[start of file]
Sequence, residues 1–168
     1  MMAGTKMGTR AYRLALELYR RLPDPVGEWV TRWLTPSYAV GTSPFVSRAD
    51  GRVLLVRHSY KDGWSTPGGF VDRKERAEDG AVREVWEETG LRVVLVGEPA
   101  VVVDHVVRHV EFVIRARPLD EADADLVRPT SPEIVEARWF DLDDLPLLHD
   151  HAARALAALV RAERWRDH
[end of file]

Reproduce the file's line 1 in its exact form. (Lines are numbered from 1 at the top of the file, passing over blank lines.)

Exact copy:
Sequence, residues 1–168